No waiting line at the entrance to the OVT.  I dive right into the trail and into traffic.  Trains of people ahead.  I start making my way through the first one I encounter, and I lose a bottle.  Too early to give it up, I stop and get it, losing all the ground I just made up.  I watch a single speeder go by as I fumble around in the woods.  Shoulda ordered those new King ti cages I inquired about at the LBS over a month ago.

More trains.  Groups of five to ten led by an engineer that has no idea how much sad he/she is creating.  Last year, I was more quiet about it.  This year?  Not so much.

As politely as possible, I chided the leader of our slow convoys for their lack of attention and the folks following him/her for not... just doing something.

I should point out that I am aware of two things:

This is "racing."  Assuming there are no lapped riders involved, we all have a right to the trail and it is up to the passing rider to make the move.

If someone comes up on me and no one is in front of me holding me up, I get over at the next convenient moment.  No need for me to ruin someone's day.

But then again, people park in handicap spaces...  it only takes seconds to pull aside and let ten riders through and then have the trail to yourself again.

I try to stay calm at the back of the accordions, but soooo much lost momentum and energy.  Way too many sads on my part.  So many thrilling passes.  I get knocked into a small tree.  Another rider tags a rock as I pull even with him, and we both get in a dangerous speed tangle of bars and elbows.

I yell at the single speeder ahead of me every time we get in a train together.  He gets through the traffic and then gaps us.  I fight to make contact, and then we repeat the scenario... until I pop out of the OVT while he's in the gap phase of our dance, and I no longer see him.

Skip the first aid station and head to Dark Mountain.  Things are spaced out much better now.  Passing riders one at a time.  The familiarity of all those laps at the Burn 24 Hour Challenge makes me feel warm and tingly.  I come up on a nemesis from those days of solo stupidity, Ross Doswell, and as I pass him, it feels like a decade just melted away.  Coming out of Dark Mountain, I see the single speeder ahead of me and we ride across the dam together, past the aid station and heading back into the OVT the other direction.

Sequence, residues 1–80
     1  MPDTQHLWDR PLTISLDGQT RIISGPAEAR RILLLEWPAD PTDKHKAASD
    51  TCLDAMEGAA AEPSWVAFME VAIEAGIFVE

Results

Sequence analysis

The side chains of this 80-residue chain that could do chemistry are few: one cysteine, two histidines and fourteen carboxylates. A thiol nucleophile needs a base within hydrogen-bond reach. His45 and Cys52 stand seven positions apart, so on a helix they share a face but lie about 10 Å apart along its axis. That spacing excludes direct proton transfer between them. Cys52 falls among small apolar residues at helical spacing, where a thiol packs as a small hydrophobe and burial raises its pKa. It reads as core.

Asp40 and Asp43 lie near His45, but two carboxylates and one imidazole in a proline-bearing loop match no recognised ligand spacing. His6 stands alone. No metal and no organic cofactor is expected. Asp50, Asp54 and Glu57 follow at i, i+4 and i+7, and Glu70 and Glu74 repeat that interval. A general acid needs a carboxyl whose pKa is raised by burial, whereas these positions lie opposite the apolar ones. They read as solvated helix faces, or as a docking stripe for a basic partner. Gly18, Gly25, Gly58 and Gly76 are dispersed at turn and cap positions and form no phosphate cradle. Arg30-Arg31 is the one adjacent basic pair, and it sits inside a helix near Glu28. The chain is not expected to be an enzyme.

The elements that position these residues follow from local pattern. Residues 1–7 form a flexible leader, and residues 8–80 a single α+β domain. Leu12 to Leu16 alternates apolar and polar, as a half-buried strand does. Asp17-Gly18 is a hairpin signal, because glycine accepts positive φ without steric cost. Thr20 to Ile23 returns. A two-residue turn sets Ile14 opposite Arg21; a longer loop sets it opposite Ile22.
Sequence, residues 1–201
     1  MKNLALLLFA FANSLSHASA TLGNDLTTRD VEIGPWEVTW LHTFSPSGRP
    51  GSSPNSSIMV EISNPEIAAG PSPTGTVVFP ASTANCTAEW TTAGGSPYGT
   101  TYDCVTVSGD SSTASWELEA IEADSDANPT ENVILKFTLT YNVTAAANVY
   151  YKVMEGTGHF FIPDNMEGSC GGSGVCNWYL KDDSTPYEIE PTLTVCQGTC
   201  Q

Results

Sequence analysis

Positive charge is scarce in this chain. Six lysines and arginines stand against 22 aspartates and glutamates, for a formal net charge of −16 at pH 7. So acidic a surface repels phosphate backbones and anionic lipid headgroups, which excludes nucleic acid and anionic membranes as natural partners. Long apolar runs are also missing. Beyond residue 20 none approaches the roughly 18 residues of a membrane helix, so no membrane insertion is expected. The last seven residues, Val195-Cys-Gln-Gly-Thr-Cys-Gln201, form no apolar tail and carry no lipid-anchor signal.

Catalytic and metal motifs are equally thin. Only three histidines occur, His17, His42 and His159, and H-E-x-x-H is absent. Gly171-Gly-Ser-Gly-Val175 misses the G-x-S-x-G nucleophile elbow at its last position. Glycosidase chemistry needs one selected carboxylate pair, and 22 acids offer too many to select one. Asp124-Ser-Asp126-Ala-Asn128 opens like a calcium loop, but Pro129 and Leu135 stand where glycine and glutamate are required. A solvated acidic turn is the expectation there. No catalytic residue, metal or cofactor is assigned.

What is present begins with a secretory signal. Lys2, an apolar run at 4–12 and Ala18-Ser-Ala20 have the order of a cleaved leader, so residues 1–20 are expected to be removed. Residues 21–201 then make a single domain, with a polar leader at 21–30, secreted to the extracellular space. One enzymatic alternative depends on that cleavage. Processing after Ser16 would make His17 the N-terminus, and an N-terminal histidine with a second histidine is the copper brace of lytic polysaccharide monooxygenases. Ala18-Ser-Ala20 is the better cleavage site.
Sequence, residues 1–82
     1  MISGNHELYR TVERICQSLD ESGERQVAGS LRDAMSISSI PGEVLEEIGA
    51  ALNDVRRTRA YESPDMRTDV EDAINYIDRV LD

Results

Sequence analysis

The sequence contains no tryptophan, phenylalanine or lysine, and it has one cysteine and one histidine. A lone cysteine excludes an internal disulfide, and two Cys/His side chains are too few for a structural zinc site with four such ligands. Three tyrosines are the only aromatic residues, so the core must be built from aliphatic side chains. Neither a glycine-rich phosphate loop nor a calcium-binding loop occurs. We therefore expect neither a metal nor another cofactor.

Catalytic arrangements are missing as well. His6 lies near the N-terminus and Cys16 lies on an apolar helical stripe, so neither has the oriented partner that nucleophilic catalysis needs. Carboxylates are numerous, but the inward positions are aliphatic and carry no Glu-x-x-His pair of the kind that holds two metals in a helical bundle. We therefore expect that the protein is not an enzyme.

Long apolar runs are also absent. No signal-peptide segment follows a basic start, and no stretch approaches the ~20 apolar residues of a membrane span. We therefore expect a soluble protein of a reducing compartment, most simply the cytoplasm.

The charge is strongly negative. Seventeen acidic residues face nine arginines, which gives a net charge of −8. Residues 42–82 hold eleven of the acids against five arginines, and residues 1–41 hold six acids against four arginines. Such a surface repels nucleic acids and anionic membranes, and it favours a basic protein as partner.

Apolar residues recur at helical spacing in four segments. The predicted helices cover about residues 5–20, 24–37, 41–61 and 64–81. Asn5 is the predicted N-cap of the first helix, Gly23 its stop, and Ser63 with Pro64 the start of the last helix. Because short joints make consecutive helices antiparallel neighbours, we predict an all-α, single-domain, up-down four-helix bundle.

photo cred: Deborah Hage
We ride together.  I hate it.  Nice guy, but when he's on my tail, he's in my head.  When I let him by, he won't gap me.  We're stuck together.

We pop out of OVT at the same time and hit the road.  I (re)introduce myself  to Mike (we've met before, I'm a moron) and he tells me we're probably 4th and 5th on the road.  I tell him that I think we're much worse off than that, but if I can't podium, I always wanna get sixth place.  It's just my thing.  While we're talking about not much of anything, a single speeder comes up on us hot and passes us.  Doh.

Up to the third aid station and I realize there's a chance I can make this whole thing on two bottles.  I stop, see Mike filling a bottle, grab a handful of cheeseballs, and head back out.

photo cred: Mudman
Mike and I are riding together again.  We hit the stupid steep paved climb, and I drop him, but I decide that my knee warmers are too much.  I've already shed my hat and arm warmers, so there's no other way to drop the heat makers.  I stop at the top, take them off, and he goes by.

We head back into the trail.  More OVT that's been nicely leaf blown (the trail rarely sees traffic) and over to a reverse Warrior Creek loop.  I see some course tape down and the gap to Mike closed too quickly.  I think he mighta got off course.  I stop, consider fixing the tape, realize that if I'm wrong about my fix, I ruin many people's day, and turn left.  Just down the trail, I see a spectator.  I stop and ask her if she knows the course pretty well.

"Yeah... sorta."

I ask if she would mind walking back down to the fallen course tape and fix it.  I wasn't gonna go back myself, but I also wasn't gonna ignore the problem altogether.  She agreed to try to do something (she had kids with her) and I rode off feeling smug (not really).

I caught back up to Mike and with the energy I had been saving earlier, I pegged it (as much as I could) planning on either putting him away or blowing up.  So much pain.  My lower back, my feet, my shoulders, something strange above my right ankle... just no easy way to get this over with.  Blow through the final aid station, still on my second bottle.  Drink where I can, but that's not very often on Warrior Creek.  Pass a few more riders and hit what I know is the final "climb" out of the woods.